Stick two people together who have different inclinations along this vast and complicated scale and tensions will naturally arise. Person A can become frustrated with what they may perceive to be a Person B's impulsive behavior. Likewise, B may see the A as cold, unsympathetic or difficult to excite.
New research has found that two-thirds of primary school children aren't reaching basic fitness levels for their age group - an awful statistic. Child obesity rates are soaring as a result and this can easily be linked to the decline of sport and exercise. With the emphasis on creating a generation of test-passers and box-tickers, exercise and sport are being neglected in schools.
Compassion is a funny thing isn't it? Human emotions are complicated and difficult to understand; sometimes we can barely understand ourselves, let alone others. Motivations and reasons behind our actions and behaviours and responses can intersect, and finding the true root of a problem can seem impossible at times. Often, it isn't the answer we expect.
Whether it's that perpetual pile of clothes in the corner you're waiting to someday turn into gold, a self-proclaimed disability which renders you unable to refrain from interrupting, or a knack for timing your exit just so, so that someone else is continually left to do the washing up, now's the time to extinguish these habits before they turn into next year's resolutions.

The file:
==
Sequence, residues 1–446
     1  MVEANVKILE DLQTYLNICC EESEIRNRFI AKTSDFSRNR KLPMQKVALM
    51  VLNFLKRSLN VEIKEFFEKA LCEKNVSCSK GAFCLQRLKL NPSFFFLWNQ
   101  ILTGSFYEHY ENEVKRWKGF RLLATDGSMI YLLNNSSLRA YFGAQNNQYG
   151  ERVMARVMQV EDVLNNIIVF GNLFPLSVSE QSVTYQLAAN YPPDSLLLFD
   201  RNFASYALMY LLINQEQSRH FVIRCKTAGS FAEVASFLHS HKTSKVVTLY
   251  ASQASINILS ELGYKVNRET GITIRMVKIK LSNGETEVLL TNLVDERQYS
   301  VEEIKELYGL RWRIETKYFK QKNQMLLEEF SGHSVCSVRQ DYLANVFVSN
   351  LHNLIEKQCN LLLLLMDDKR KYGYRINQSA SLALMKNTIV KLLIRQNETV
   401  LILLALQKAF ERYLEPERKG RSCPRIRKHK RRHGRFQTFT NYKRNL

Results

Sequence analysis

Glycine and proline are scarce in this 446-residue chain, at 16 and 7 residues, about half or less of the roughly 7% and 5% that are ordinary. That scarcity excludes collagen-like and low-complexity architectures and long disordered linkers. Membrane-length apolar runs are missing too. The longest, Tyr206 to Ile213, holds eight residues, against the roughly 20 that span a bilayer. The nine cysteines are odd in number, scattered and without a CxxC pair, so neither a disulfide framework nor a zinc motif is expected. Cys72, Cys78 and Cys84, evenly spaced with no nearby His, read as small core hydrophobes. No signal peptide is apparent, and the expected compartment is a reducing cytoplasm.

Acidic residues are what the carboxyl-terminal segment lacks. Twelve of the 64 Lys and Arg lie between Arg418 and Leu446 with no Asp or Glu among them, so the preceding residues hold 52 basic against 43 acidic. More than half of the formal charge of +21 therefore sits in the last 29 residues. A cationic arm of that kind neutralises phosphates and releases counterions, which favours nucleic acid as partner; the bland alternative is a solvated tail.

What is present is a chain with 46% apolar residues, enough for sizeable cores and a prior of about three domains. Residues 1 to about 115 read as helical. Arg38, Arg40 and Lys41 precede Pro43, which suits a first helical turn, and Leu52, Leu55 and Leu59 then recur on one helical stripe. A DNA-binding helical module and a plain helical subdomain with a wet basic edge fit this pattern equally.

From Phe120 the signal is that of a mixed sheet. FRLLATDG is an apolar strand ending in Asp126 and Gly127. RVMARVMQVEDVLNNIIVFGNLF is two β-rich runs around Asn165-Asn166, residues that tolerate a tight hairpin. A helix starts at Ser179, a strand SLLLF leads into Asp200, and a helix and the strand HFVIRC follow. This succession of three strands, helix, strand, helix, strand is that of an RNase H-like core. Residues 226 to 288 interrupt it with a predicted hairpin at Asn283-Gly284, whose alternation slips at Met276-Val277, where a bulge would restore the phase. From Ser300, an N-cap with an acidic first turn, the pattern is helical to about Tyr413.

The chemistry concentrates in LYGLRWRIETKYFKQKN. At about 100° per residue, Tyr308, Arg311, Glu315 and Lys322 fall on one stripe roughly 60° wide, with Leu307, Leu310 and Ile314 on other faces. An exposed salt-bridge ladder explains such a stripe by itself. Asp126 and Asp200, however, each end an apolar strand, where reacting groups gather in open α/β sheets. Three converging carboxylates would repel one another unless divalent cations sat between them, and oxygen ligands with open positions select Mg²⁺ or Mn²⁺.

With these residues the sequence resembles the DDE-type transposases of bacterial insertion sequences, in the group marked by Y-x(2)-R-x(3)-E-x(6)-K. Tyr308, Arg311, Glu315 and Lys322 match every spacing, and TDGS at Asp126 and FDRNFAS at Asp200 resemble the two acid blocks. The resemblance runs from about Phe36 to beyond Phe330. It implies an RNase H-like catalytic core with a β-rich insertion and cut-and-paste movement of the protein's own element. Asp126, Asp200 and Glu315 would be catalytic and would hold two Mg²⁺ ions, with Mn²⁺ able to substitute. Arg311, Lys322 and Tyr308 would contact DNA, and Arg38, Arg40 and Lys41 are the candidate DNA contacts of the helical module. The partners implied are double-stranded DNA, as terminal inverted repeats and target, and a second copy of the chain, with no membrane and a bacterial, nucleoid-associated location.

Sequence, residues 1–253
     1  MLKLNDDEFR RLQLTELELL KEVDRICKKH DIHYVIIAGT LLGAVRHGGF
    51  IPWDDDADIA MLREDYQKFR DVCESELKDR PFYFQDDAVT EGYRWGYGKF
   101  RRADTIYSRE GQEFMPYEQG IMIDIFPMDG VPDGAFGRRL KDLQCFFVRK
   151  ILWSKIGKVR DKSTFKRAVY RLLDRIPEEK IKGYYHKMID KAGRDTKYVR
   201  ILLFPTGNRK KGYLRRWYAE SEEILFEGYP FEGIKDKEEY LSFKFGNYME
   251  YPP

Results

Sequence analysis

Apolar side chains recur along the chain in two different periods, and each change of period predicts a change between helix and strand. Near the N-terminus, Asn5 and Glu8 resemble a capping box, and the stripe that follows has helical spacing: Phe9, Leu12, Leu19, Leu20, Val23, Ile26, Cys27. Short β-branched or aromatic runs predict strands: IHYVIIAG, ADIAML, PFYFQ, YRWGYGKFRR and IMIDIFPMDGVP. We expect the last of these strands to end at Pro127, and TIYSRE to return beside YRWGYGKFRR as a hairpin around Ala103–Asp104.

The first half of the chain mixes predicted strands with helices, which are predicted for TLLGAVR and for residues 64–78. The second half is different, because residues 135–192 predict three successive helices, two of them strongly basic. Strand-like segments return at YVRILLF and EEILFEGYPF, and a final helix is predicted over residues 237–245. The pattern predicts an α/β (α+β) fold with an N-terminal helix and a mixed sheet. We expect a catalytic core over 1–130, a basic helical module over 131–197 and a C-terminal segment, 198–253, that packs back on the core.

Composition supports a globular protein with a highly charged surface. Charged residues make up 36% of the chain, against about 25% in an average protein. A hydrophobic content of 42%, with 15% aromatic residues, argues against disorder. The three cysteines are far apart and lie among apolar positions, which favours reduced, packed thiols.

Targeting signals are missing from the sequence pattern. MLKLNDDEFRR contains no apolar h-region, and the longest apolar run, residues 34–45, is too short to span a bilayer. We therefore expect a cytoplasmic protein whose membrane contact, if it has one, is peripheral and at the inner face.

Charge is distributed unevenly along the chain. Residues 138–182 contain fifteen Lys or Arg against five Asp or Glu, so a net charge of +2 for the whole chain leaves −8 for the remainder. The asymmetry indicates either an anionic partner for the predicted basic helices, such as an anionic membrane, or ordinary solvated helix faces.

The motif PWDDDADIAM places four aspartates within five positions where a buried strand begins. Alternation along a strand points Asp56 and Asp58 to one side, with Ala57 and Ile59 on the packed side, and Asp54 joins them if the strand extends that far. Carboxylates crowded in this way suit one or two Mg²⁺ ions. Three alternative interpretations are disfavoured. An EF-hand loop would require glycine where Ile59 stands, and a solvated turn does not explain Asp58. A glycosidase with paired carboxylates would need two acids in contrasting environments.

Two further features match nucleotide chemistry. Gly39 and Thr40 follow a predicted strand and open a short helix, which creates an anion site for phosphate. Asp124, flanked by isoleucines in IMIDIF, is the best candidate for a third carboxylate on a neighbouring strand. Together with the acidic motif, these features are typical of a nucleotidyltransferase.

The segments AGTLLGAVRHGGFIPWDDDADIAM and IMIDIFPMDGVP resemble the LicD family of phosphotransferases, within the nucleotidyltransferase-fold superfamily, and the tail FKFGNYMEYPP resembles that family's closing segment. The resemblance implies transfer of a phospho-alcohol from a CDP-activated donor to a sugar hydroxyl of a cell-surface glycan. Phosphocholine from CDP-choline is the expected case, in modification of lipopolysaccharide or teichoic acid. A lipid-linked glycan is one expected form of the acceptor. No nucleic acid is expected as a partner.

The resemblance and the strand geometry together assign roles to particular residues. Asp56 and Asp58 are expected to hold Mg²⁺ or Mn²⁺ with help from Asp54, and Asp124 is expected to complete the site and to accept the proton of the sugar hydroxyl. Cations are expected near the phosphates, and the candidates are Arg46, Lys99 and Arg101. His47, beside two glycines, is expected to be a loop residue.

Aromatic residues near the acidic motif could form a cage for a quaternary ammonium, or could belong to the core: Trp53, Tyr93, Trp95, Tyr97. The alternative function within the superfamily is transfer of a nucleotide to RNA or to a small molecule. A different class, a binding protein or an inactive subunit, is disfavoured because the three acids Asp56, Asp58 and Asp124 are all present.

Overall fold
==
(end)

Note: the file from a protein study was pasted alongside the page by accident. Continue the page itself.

Are these experiences from 2013 familiar? You arrive on a train and are greeted by a message warning of the penalties awaiting those with incorrect tickets; you arrive at a department store and notice a security guard; you are slightly behind with your Council tax payments and a top-hatted bailiff turns up on your doorstep.
"Blimey Sandra that avocado must have been the size of a beach-ball!" An average avocado (150g) contains 240 kcal and Sandra had put on the equivalent of over 10,000kcals or 41 avocados in one week. I worried about this for some time. How could someone see things in such a way that was impossible for someone else to understand?
A brain chemical called dopamine may be responsible for more of your choices than you think. This much-misunderstood neurotransmitter, whose original function was to ensure our survival, has been somewhat hijacked by the modern world, meaning that more of us are likely to fall prey to addiction and other unwanted behaviours.
During Climate Week (March 4-10) I am putting this theory to the test with a Fun and Games to Save the Planet event at the London Science Museum on March 6 and we are inviting people from all walks of life to come and 'have a go'.
I was recently at University College London to hear a talk on behaviour change. "Nudging methods ... have become increasingly popular" read the blurb. "Underlying all of this, however, is the nagging question of whether it is ethical, desirable or sustainable to be nudging people in a desired direction." Indeed. "Or, is it a case of technological fudging, where we may be covering over deeper problems?". Well, yes it is, I thought.